Self-criticism? Why the FPM lost some popular support…
Posted by worriedlebanese on 25/06/2009
Two days ago, my post ended with a question: Why did Michel Aoun’s FPM loose 20% of its electorate in 4 years? Truth to tell, I was quite surprised by the FPM’s score. I was convinced that it had lost a larger number of supporters or potential voters.
Sure some of its losses could be attributed to its opponents’ electoral conduct. The FPM had to wrestle the National Bloc, the Kataeb, the Lebanese Forces, the National Liberal Party and a flock of notables supported by the religious hierarchies (most notably the Maronite, the Greek-Orthodox and the Syriac higher clergy). People and parties who had little in common, who hated each other’s guts, who were political rivals, were united in a common front against the FPM. Their common and individual campaigns focused on direct attacks on the FPM and personal attacks on Michel Aoun. Their smear campaign was echoed by the Media and the Press that was largely hostile to the FPM and Aoun (LBC, MTV, Future, Nahar, L’Orient-Le Jour, Dyar, Daily Star, NOW…). I find it quite miraculous that Aoun’s FPM survived (& vanquished) the Christian Bulldozer (a Syrian electoral device first experimented by Hezbollah and Amal, and now adopted by March XIV) in Mount Lebanon.
But instead of playing victim, the FPM should reflect on its own conduct and communication strategy. It should examine how these helped all traditional Christian parties and forces coalesce against it. The FPM should also look into why so many journalists and opinion makers are opposed to it. Sure they work for a March XIV controlled media, but that doesn’t explain their personal and individual hostility to the FPM and its leader.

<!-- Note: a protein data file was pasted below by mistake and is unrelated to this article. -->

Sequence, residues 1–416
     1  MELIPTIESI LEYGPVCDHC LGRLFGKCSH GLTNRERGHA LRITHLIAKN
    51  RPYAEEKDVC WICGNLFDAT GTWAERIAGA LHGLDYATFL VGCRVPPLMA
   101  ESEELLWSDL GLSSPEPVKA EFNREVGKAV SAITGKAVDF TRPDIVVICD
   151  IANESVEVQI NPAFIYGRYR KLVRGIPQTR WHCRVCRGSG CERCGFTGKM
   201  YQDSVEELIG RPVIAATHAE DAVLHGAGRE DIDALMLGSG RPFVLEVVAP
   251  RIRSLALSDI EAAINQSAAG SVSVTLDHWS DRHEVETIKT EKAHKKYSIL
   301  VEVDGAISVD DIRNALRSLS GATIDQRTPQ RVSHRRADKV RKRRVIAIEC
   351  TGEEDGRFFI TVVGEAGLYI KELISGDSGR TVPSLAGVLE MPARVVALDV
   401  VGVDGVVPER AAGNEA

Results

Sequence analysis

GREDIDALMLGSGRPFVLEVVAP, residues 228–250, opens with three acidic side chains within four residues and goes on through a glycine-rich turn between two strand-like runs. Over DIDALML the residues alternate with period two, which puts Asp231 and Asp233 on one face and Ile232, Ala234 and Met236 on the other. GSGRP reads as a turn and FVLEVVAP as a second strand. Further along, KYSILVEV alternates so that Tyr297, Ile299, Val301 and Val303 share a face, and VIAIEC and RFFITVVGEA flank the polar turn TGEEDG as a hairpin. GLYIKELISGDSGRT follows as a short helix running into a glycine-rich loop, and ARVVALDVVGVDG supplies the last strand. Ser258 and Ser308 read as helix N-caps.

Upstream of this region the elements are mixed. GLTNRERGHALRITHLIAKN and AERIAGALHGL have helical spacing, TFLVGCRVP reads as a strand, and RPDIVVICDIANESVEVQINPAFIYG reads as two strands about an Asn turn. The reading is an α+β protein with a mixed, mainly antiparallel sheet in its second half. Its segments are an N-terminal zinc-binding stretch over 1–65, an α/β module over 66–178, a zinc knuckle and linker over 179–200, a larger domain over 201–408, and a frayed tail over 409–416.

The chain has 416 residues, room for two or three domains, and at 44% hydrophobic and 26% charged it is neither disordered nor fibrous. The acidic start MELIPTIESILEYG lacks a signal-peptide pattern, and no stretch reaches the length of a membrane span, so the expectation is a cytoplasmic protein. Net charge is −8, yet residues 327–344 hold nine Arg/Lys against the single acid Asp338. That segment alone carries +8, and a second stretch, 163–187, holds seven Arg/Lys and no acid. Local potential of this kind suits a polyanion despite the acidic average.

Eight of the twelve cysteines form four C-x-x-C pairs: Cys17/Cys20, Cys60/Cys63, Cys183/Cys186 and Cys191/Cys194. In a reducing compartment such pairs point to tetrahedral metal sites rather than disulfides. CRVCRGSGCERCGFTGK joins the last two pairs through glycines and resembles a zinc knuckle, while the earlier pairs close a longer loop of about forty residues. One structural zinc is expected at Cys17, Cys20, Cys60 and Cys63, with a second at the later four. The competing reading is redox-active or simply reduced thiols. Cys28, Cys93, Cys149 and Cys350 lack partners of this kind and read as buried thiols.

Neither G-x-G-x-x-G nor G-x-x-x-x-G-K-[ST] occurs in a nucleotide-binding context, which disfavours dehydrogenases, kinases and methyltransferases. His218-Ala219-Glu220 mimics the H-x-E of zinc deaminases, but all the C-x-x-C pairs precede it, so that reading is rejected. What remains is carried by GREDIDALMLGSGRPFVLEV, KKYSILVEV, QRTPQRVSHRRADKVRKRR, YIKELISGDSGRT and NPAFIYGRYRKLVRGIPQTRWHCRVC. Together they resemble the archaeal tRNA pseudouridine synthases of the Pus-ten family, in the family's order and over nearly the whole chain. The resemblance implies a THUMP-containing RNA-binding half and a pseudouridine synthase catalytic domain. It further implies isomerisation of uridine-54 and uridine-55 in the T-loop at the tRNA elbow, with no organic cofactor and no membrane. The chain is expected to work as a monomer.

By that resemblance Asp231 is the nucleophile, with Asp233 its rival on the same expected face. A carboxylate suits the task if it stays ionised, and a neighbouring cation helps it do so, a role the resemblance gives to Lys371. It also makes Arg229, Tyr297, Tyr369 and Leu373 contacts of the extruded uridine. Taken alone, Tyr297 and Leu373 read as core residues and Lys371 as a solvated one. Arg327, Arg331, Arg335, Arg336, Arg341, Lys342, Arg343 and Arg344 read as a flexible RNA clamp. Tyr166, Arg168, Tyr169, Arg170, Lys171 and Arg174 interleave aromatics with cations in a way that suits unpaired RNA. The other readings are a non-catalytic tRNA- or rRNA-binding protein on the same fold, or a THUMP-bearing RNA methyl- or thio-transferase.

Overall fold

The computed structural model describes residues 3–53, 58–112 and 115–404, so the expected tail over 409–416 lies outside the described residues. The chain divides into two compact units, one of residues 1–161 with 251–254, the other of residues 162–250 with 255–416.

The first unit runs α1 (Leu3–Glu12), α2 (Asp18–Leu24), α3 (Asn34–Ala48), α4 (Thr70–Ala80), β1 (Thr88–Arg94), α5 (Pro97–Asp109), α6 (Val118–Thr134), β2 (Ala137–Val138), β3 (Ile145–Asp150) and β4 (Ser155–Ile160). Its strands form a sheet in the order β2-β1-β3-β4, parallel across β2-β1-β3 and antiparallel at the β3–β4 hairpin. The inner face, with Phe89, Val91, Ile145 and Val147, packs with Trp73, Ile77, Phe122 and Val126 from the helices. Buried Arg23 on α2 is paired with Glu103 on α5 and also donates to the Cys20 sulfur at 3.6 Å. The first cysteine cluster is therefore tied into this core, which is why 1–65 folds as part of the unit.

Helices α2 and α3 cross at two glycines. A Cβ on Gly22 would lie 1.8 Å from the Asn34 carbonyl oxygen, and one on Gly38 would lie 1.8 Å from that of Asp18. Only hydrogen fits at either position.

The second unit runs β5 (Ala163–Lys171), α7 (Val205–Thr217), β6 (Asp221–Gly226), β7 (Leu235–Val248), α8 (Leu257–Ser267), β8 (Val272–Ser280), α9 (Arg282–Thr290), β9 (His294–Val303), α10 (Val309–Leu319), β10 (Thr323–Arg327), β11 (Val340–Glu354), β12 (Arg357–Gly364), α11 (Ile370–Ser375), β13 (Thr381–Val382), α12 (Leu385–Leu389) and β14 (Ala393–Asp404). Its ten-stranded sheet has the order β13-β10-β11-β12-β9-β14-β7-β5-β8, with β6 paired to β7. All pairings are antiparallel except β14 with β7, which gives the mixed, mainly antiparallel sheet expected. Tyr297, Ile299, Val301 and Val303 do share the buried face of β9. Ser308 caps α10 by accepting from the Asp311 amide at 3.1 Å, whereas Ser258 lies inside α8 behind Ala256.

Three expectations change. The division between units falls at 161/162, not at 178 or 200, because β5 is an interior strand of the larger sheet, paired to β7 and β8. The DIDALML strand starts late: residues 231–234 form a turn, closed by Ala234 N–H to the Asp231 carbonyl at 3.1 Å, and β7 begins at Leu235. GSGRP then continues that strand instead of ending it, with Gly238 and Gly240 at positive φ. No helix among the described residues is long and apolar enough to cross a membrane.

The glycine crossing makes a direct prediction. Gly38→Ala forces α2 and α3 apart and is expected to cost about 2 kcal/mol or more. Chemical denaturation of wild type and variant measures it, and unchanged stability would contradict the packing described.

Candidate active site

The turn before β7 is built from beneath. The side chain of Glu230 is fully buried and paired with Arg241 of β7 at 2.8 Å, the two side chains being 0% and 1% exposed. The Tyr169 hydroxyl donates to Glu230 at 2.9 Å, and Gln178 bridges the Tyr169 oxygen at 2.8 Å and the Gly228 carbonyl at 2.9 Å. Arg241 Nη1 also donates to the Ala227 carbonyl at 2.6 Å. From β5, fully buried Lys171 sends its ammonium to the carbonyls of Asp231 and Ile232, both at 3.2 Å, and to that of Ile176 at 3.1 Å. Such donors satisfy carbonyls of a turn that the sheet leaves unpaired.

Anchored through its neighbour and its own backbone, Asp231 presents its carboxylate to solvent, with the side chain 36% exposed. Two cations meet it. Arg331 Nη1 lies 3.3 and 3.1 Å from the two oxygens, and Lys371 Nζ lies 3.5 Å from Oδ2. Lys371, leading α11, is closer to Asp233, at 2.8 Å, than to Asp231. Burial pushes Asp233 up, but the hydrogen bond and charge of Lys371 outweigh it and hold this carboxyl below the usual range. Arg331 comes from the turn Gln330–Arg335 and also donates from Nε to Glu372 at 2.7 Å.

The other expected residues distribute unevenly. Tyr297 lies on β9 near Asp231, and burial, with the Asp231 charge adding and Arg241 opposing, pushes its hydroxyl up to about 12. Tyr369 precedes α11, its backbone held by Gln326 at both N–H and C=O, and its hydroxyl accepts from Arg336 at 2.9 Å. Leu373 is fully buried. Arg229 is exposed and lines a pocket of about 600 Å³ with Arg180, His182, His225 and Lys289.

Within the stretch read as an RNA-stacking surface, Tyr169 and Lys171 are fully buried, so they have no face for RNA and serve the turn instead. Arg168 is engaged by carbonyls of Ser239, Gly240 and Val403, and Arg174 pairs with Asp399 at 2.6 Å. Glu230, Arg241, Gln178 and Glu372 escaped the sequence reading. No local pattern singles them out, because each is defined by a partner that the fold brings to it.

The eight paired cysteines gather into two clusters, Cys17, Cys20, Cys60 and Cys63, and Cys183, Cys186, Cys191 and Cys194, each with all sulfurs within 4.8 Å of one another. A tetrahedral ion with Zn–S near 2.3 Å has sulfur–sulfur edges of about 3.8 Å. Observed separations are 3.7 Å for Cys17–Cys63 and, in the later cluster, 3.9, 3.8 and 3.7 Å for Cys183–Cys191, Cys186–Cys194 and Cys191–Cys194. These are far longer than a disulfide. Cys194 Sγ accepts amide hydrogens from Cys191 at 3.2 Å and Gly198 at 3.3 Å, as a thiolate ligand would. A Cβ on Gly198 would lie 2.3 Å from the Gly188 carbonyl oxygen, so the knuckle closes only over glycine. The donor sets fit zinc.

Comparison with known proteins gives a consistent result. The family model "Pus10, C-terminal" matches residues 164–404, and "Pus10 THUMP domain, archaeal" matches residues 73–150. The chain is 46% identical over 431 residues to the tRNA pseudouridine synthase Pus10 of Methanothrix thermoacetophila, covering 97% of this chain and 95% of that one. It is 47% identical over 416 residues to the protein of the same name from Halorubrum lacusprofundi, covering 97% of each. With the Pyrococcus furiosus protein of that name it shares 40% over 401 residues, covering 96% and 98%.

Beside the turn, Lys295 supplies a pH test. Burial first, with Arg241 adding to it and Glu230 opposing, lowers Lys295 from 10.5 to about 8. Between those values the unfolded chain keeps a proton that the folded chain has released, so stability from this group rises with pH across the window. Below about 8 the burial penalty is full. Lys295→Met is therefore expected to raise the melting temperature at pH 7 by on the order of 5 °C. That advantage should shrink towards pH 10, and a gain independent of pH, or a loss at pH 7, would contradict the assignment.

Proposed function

The FPM’s weaknesses:
- Aoun’s populism. His hostility to journalists (for being inquisitive) and the Media (for distorting his message) in general. If the FPM doesn’t want journalists to be hostile to it, it should learn to speak to them and establish a communication strategy towards journalists and opinion makers (just as the March XIV platform did).
- The FPM’s “Change and Reform” message. The Christian electorate has traditionally been conservative. Promising change without taking into consideration the demographic shifts in the country can be perceived as adventurous by many. The “third republic” slogan was to say the least sloppy (it’s actually the 4th Republic… if one wants to count each time the 1926 constitution was modified).
- The FPM’s defensive communication. The FPM established the frames of the electoral debate within the Christian constituencies (it didn’t work on any cross-communal message… call it Christian navel gazing). March XIV simply reacted to the FPM’s positioning and slogans (which was expected). At this point, the FPM started justifying itself… and took a defensive approach.
- The lack of a clear outlook or identity. March XIV has elaborated a clear identity (albeit an unfounded one) in which people identify with. It tapped into people’s fantasies, imagination and emotions. The FPM hasn’t been able to achieve this.
- Multiple incoherences: The FPM’s behaviour is similar to that of its opponents. If it wants to distinguish itself from them, it should start by changing its behaviour and work on being more convincing about the change it represents.